On Wed, Aug 09, 2006 at 10:30:21PM -0400, Tony Hansen allegedly wrote:
Stephen Farrell wrote:
Michael Thomas wrote:
Tony Hansen wrote:
I'm not the chair, but I've seen considerably less consensus about
anything other than rfc2822.from. I'm frankly not sure I understand
it very well.
I know I don't understand it!
Maybe a more detailed use-case would help? (Tony?)
I want to make certain that what we're building with policies doesn't
prevent eCard senders or News agencies from doing what they currently
do. They should be able to 1) send a message to someone on my behalf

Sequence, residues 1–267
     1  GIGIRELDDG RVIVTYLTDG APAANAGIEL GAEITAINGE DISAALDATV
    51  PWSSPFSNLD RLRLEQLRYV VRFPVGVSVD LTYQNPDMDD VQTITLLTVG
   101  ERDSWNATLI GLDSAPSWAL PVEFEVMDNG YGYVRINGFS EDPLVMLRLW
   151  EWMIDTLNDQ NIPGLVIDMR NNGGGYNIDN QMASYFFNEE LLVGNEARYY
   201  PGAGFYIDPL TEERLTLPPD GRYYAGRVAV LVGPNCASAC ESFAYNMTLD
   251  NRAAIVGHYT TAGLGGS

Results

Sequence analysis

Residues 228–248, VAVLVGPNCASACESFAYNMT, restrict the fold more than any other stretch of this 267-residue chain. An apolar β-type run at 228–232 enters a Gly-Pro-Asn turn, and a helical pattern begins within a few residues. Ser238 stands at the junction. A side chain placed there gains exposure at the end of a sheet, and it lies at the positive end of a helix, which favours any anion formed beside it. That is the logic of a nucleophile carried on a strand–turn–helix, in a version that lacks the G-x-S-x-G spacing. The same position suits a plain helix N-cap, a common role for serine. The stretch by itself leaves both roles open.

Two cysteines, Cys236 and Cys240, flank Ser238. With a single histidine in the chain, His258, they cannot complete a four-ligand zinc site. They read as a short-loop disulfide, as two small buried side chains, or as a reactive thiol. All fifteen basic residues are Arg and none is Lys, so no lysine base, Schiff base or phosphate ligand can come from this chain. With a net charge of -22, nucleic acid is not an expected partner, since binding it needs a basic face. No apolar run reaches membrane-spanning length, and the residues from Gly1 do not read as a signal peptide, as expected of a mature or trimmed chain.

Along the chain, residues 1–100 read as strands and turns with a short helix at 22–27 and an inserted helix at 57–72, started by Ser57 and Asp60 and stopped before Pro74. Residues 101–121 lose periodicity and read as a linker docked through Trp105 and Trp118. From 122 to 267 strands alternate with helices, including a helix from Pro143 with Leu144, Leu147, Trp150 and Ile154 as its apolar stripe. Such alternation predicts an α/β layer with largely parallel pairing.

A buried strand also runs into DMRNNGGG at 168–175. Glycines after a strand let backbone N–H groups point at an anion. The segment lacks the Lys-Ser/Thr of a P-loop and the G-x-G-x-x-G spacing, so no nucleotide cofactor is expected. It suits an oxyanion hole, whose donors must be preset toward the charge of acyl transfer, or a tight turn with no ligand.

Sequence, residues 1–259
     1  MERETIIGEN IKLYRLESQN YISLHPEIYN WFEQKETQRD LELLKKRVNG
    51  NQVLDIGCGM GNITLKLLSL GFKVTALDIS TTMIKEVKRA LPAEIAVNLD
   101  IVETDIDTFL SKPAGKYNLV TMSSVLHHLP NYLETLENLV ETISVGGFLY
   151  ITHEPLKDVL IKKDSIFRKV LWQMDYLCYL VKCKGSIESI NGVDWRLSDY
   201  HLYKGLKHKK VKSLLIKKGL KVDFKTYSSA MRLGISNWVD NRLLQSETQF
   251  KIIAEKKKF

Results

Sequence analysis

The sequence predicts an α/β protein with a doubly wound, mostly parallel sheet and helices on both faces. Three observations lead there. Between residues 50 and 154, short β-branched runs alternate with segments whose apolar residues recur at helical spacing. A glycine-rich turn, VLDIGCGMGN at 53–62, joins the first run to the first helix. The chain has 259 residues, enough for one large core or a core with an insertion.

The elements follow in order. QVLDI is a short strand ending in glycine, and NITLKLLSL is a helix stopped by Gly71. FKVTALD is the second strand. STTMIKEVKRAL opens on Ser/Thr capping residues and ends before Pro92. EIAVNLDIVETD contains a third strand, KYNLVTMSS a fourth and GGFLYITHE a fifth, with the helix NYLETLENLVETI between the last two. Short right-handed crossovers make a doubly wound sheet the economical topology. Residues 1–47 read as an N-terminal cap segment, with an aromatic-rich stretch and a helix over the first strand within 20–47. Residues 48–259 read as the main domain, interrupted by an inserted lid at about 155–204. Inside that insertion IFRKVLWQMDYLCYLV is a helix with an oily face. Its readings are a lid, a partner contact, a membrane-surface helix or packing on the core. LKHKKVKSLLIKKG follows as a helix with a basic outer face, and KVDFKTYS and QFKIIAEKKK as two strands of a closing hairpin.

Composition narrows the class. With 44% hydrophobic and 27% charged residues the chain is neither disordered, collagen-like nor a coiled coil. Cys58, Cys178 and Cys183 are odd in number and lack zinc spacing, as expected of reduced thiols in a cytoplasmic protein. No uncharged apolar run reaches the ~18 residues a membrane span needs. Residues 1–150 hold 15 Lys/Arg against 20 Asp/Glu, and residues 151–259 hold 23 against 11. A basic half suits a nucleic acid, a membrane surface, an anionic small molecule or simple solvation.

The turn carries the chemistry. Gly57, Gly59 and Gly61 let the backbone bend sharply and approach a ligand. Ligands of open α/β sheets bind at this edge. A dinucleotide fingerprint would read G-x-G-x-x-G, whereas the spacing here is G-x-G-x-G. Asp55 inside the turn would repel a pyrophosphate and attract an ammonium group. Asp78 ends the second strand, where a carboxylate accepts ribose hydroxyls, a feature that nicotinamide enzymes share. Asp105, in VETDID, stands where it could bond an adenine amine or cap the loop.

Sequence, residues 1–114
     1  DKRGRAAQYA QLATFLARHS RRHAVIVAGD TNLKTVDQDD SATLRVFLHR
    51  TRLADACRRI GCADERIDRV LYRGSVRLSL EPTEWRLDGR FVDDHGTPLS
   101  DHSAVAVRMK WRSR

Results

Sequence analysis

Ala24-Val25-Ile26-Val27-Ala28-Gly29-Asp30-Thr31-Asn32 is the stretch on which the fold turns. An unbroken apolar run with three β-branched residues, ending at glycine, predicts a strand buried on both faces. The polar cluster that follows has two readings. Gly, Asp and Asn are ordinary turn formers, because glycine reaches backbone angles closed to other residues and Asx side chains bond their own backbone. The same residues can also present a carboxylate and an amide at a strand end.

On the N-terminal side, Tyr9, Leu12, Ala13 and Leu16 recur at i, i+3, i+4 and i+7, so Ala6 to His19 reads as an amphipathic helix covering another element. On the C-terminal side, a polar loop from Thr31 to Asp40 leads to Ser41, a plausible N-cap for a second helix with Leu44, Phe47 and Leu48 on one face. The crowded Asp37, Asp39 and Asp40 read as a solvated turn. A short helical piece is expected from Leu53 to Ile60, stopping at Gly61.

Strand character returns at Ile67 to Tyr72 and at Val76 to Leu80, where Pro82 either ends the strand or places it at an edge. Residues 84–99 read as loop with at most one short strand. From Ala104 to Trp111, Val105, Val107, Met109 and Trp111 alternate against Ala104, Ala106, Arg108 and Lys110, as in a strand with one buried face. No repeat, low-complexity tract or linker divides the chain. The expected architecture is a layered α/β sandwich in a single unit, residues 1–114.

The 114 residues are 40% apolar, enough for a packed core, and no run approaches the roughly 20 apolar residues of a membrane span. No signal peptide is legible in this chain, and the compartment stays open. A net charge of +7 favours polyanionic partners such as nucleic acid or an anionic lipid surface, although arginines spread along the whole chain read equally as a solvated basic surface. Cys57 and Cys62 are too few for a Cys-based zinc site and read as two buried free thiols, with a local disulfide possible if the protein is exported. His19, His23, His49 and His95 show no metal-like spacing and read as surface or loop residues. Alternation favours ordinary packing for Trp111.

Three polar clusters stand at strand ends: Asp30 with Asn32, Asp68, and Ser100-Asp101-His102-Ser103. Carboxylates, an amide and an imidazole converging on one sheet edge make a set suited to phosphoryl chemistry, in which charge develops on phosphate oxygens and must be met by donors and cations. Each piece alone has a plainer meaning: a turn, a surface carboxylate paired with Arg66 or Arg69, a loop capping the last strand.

while 2) marking themselves as the sender and 3) being able to sign the
message. According to 2822, this minimally requires support for
RFC2822.Sender as well as RFC2822.From.
Why does DKIM need to support these directly? They can continue to
send like this just fine and rely on their domain reputation or the
good graces of receivers.
Better yet, eCard senders could put their own From: address in and put
your email in the content:
Howdy. mailto:tony(_at_)att(_dot_)com allegedly sent this card to
your for your birthday...
It seems bizarre to me that we want to explicitly allow an
unauthenticated 2822.From to be treated as authenticated.
One option: att.com could advertise that hallmark.com can put @att.com
in the 2822.From: and have it authenticated via hallmark.com. Is that
what you're asking for?
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